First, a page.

Goldsmiths is uniquely placed to offer this programme, with an internationally renowned reputation in the arts and the sciences. Existing courses combining art and psychology often have a largely therapeutic focus and rarely cover the psychology of aesthetic appreciation or creative cognition, in a broader profile. In contrast, business-oriented courses in marketing, advertising and consumer psychology often lack adequate scientific training in experimental psychology or cognitive neuroscience methods, which is required for a scientific approach to aesthetics and creativity. Optional modules based in the departments Media & Communications, Computing, and the Institute of Management Studies will complement and challenge the scientific perspective, acknowledging the richly diverse, unique and culturally-specific nature of human aesthetic and creative practice.

Modules & structure

On this programme you will study the following modules:

Neuroaesthetics (15 Credits): This module provides an in-depth introduction into the cognitive neuroscience of art appreciation, aesthetic perception and judgement from a basic science and an applied perspective. Topics include: psychological theories of aesthetic appreciation, aesthetic evolution, brain mechanisms of pleasure and reward, face and body attractiveness, and aesthetic science across the visual and performing arts, in laboratory and real-world settings.

Creativity (15 credits): This module provides a comprehensive introduction to the science of creative cognition. Adopting a multidisciplinary approach, this module covers latest research findings from various disciplines within cognitive psychology, social psychology, comparative and developmental psychology, creative arts and media, and neuroscience

Foundations of Neuroscience (15 credits): This module covers brain anatomy and function as well as an introduction to the available techniques to study the neural basis of behaviour. Topics range from single neuron architecture to the functional organization of brain systems. Neuroimaging methods covered include: fMRI, EEG, MEG and TMS.

Statistical Methods and Experimental Design (30 credits): This module covers experimental design and the theory and practice of quantitative data analysis. You will cover statistical techniques in the lectures, and learn to implement these techniques using statistical software in computer-based tutorials and workshops.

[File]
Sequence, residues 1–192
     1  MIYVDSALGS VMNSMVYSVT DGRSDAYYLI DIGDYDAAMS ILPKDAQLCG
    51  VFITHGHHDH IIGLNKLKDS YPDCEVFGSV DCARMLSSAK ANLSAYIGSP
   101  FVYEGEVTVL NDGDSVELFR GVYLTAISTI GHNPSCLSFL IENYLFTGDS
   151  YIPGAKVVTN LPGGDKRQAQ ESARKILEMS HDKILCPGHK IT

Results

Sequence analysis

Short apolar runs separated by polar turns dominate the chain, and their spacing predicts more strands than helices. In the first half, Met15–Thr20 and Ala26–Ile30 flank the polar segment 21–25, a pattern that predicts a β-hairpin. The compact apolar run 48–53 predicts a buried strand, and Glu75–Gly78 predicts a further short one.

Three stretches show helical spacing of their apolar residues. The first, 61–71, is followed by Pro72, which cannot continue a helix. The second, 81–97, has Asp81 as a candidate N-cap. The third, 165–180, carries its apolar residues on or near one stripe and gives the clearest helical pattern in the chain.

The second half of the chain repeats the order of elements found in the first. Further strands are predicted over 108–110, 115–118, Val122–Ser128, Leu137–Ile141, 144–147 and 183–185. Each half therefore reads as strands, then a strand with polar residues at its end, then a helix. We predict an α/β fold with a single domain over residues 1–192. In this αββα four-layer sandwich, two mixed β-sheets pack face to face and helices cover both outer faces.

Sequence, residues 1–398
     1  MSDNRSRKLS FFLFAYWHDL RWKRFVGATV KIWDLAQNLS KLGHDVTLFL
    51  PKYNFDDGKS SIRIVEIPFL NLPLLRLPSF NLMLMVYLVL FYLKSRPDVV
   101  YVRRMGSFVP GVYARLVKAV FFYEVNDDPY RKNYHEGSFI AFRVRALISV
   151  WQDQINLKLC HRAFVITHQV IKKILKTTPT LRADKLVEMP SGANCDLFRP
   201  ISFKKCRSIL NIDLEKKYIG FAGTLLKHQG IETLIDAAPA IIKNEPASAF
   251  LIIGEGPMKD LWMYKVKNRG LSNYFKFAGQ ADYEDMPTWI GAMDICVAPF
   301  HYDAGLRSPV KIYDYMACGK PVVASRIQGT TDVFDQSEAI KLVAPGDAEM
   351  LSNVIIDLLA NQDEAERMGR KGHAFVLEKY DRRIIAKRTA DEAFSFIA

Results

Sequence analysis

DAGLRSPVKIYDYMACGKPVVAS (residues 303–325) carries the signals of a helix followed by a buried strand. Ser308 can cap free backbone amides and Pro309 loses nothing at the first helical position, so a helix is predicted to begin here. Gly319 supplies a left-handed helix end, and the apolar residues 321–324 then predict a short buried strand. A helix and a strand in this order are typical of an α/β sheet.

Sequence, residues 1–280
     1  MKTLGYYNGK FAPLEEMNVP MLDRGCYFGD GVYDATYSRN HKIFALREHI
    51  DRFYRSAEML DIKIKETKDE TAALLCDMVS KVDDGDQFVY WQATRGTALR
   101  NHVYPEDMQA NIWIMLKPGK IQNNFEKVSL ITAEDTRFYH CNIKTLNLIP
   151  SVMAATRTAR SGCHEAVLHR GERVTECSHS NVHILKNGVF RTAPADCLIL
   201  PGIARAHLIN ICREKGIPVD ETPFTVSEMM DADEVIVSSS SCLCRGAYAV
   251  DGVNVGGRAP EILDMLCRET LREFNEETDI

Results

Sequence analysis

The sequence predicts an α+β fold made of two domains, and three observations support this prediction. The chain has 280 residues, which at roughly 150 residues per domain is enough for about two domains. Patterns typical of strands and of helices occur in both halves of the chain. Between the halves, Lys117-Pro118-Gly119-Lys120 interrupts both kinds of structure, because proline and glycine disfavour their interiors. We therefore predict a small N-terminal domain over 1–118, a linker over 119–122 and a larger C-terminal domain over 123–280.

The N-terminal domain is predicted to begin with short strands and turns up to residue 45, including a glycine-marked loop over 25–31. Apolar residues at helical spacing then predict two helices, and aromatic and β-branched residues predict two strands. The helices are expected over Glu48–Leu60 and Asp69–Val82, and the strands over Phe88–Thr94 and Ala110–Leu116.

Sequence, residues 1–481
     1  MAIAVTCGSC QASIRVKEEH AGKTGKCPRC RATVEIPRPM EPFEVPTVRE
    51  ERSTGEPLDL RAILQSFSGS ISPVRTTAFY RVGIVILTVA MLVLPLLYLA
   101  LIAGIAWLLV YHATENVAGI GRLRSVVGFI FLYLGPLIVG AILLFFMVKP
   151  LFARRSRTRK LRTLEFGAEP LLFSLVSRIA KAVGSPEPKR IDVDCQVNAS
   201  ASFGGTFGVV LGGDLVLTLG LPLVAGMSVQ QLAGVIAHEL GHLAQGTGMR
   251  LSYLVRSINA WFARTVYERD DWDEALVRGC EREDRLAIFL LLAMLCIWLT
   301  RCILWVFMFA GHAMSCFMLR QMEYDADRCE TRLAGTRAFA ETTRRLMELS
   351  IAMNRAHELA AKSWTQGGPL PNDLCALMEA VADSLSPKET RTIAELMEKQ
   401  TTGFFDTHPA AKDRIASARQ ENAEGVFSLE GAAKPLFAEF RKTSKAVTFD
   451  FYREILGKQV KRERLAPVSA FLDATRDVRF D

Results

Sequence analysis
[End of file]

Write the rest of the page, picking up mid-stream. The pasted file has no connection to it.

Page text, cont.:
Research Skills/ Invited Speaker Series (15 credits): This module covers fundamental research skills: seminars on bibliographic searching, essay writing, research report writing, oral presentation skills, career planning and lab sessions. The second strand exposes students to cutting edge research in the field of aesthetic and creative cognition by means of an invited speaker series from a variety of academic disciplines, the creative industry and arts organizations. This module will be shared with students on the MSc in Music, Mind and Brain.

Research Project with an interdisciplinary focus (60 credits): You will conduct a quantitative research project in relation to aesthetics or creativity. The course encourages interdisciplinary and collaborative projects with other departments at Goldsmiths, or with external partners such as arts organizations or the creative industry.

Optional Modules (2 x 15 credits): You will choose two optional modules from within the Psychology Department (Advanced Quantitative Methods, Magic and the Mind) or collaborating Departments including Computing (Physical Computing and Workshops in Creative Coding), Media and Communications (Embodiment and Experience, Politics of the Audio-visual) and the Institute of Management Studies (Psychology of Marketing and Advertising, Consumer Behaviour). Optional modules will complement the scientific perspective with alternative views, approaches and extend your knowledge and skill base.

Please note that not all modules will be available and may change subject to approval



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What is intelligent behaviour? How can robots communicate with each other? In this programme you will learn how to design and implement intelligent systems. Read more
What is intelligent behaviour? How can robots communicate with each other? In this programme you will learn how to design and implement intelligent systems.

The core topics in The Master's programme Artificial Intelligence are: autonomous perceptive systems, cognitive robotics and multi-agent systems.

- Autonomous Systems
A robot taking samples and collecting information on the moon is an example of an autonomous system. It operates and carries out missions independently. Regardless of their surroundings, it responds with a certain intelligence. While traditional AI focuses on cognition and reasoning as isolated abilities, we strongly believe in perception as an active behavior, which is integrated into general cognition.